The article explained that Western Europe witnessing a ‘populist movement’ could potentially lead to more authoritarian governments, but could also provide the opportunity for reclaiming the democratic institutions that have been weakened by 30 years of neoliberalism.
Professor Mouffe said: “Our current post-democratic condition is the product of several phenomena. The first one, which I call ‘post-politics’, is the blurring of frontiers between right and left. It is the result of the consensus established between parties of centre-right and centre-left on the idea that there was no alternative to neo liberal globalisation.”
She further explained that politics has become a mere technical issue of managing the established order, saying: “The sovereignty of the people, a notion at the heart of the democratic ideal, has been declared obsolete. Post-politics only allows for an alternation in power between the centre-right and the centre-left. The confrontation between different political projects, crucial for democracy, has been eliminated.”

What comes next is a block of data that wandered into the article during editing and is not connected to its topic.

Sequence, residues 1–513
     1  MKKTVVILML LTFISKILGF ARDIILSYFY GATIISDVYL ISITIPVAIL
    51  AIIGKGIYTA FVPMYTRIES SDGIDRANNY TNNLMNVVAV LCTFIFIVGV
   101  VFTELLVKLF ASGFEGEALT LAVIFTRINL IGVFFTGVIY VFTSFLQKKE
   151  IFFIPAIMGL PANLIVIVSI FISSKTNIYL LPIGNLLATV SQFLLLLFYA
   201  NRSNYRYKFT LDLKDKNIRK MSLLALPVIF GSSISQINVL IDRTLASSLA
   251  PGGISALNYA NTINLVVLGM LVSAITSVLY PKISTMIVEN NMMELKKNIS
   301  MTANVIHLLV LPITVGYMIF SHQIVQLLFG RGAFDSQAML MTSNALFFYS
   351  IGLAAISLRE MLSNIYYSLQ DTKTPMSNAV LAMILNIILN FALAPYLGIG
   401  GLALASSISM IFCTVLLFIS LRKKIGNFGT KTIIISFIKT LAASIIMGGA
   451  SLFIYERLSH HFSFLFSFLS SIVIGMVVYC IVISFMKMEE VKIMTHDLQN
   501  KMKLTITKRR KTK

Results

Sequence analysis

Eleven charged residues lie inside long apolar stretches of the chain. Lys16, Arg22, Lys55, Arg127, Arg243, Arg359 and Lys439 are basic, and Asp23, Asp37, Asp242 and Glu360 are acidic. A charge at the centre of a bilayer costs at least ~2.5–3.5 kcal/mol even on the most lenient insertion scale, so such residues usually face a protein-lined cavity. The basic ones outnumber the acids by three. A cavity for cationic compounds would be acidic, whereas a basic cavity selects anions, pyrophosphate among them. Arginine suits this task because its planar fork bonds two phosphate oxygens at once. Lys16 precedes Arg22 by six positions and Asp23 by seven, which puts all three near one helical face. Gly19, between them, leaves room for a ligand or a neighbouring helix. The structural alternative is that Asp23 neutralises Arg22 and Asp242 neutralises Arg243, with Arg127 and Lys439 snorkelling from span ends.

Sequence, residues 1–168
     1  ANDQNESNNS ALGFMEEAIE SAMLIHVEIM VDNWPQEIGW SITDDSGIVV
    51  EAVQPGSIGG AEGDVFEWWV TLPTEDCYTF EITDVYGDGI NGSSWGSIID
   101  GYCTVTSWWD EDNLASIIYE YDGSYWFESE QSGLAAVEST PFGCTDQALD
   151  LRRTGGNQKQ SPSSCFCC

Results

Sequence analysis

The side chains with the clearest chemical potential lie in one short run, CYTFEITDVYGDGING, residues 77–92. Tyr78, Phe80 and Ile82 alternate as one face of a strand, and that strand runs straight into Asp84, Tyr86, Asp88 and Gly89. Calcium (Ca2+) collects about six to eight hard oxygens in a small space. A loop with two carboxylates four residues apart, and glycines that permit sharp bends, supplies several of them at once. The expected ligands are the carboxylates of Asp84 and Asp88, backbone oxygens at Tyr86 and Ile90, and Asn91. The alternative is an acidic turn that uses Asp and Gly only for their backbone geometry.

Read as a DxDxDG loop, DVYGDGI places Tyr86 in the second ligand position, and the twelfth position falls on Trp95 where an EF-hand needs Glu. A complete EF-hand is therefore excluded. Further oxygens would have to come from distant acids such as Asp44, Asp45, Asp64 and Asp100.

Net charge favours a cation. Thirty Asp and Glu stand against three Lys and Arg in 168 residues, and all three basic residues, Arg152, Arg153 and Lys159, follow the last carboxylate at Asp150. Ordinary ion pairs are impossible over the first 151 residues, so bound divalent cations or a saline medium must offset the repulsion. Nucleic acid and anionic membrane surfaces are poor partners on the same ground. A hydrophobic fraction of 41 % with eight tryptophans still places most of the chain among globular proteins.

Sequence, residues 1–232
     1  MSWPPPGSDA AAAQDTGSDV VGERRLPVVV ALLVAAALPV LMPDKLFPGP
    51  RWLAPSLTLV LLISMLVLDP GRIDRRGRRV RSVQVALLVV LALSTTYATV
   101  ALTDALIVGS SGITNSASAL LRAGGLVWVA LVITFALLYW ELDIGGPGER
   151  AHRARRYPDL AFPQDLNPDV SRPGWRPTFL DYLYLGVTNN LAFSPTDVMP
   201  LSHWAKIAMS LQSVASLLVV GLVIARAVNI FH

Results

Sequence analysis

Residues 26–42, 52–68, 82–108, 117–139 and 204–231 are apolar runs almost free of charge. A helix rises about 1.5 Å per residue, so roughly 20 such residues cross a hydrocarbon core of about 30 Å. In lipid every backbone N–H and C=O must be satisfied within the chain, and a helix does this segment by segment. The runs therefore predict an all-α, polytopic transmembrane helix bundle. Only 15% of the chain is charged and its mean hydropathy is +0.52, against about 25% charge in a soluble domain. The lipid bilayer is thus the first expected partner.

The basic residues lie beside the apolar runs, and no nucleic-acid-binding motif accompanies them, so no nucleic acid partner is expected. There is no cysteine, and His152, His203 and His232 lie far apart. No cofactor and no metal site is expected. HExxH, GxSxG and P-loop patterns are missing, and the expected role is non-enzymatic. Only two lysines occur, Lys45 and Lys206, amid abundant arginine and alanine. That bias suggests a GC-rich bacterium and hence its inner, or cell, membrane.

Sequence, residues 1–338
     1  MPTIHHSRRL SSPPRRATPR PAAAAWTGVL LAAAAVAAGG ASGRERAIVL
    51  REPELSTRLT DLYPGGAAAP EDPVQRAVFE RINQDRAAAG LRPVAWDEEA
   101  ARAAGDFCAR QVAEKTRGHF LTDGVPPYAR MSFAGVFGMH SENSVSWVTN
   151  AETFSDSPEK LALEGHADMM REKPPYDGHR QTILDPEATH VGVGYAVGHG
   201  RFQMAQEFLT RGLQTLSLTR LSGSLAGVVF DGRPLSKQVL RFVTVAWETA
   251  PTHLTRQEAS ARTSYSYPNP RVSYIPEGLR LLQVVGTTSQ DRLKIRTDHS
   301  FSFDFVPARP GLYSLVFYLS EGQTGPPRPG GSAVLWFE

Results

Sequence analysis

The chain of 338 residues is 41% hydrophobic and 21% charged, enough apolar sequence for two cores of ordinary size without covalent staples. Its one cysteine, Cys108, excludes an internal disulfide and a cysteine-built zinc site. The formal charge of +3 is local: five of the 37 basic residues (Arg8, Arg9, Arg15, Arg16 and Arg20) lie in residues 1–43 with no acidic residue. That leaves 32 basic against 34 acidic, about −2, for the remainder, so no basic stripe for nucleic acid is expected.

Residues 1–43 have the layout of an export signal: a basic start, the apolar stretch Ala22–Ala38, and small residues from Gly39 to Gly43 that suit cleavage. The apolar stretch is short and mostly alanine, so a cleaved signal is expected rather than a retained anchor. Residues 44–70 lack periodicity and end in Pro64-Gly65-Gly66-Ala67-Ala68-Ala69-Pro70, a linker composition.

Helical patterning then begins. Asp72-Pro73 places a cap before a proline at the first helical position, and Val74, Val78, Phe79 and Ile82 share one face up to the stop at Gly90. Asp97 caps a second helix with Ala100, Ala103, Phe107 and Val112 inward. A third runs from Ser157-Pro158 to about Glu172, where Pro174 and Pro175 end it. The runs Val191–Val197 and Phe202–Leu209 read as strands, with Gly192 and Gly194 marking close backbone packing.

The article concluded that the only way to fight right wing populism is to give a progressive answer to the demands they are expressing in a xenophobic language.